XXX alternatively - may want to control when to fork or not by size;
in which case do the fork explicitly


Java Memory Model and Jython
----------------------------

What about other objects in Jython?

XXX put this in a more advanced section
XXX look at the proposed PEP that was written by Jeff Yasskin, not certain if it was circulated to python-dev or not

happens-before relation introduces a partial ordering;
in particular, you cannot rely on the apparent sequential ordering of code

Ordinarily this should not be an issue in Python code executed by
Jython. A Python object that has a ``__dict__`` for its attributes is,
in Jython, represented such that its backed by a
ConcurrentHashMap. CHMs introduce a happens-before relationship to any
code reading .

But there are wa

Local variables are susceptible to reordering. Internally in Jython,
they are stored by indexing into a PyObject[] array, and such accesses
can be reordered. However, this will not usually be visible to user
code -- local variables are *almost* thread confined, and the Java
memory model ensures that any code within that thread will always see
changes that are sequentially consistent.

However, in Python, it is possible for a local variable to *escape*
through the frame object, because locals (and their containing frames)
are introspectable. You can do this via the ``locals`` function. But
even then it requires a fairly convoluted path. Once again, we need to
use a mutable object that does not introduce a fence. Arrays work well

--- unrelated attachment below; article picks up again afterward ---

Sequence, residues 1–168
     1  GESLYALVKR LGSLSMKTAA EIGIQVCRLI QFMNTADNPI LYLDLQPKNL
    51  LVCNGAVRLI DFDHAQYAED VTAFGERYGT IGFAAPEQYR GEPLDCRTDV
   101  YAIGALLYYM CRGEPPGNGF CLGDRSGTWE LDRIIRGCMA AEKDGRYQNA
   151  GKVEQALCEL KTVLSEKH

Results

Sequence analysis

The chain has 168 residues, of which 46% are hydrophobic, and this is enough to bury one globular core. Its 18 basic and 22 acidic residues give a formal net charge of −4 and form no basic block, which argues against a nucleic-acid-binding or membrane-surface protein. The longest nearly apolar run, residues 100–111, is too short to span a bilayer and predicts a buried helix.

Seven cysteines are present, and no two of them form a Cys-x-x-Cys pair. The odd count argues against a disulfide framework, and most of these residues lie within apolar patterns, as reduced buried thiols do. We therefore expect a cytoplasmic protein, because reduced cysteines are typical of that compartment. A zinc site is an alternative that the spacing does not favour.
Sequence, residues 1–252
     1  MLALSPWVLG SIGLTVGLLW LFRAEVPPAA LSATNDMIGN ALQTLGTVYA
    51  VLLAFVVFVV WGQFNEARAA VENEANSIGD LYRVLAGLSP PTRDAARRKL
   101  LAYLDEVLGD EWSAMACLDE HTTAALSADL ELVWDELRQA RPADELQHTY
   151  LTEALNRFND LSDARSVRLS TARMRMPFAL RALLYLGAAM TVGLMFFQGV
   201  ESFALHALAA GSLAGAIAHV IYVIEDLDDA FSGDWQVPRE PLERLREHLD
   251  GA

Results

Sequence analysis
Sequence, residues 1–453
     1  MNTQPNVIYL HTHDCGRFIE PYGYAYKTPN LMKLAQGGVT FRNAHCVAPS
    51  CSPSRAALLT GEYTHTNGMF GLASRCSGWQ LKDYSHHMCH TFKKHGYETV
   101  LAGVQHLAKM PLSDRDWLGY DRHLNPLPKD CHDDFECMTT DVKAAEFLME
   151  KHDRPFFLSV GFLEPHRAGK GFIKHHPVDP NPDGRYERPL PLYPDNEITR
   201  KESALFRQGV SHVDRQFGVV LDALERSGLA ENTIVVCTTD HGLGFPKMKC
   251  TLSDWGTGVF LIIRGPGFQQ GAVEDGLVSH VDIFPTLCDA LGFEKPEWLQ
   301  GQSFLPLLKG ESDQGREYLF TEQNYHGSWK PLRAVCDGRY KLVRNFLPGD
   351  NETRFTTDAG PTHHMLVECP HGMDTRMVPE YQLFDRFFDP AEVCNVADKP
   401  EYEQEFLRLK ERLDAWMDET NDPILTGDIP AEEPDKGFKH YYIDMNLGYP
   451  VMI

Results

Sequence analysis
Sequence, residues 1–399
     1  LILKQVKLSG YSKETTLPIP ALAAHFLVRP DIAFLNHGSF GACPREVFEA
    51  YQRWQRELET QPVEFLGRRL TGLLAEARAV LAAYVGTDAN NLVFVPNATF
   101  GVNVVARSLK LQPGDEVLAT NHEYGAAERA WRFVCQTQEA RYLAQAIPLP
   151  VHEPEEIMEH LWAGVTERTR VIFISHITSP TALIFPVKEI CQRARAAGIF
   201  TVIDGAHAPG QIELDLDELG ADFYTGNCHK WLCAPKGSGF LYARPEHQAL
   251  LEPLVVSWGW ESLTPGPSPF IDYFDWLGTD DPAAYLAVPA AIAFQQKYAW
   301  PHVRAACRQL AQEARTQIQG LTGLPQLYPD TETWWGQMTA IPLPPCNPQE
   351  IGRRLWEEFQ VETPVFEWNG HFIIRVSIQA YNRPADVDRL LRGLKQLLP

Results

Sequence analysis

for this purpose::

  A_locals = None

  # thread A
  def f():
      global A_locals
      A_locals = locals()
      x = zeros('L', 1) # must be a mutable object, a Java array works well
      y = zeros('L', 1)
      # write against these variables in some interesting way; maybe y should always be greater than x
      # in this thread, it will - but not in thread B

  # thread B
  def g():
      global A_locals
      A_x = A_locals['x']
      A_y = A_locals['y']
      # now see if we can observe an ordering inconsistent to being sequential

Let's try that again, but not derefencing the local::
   
   XXX code
  
(Perhaps you can find a shorter path?)

 since locals() : you would need to assign
the reference to thread ``A``'s local variable to thread ``B``

(In addition, if you were to access the frame's locals through Java,
using the public methods and fields of ``org.python.core.PyFrame``,
you can also see out-of-order writes.)

(Note that unnamed local variables are truly thread confined, such as
the target of a for loop; only when a generator is paused are they in
any way accessible, and not easily.)


 By far the most common case will

The other is



Safe publication
Immutability


Not final, not volatile. But endowed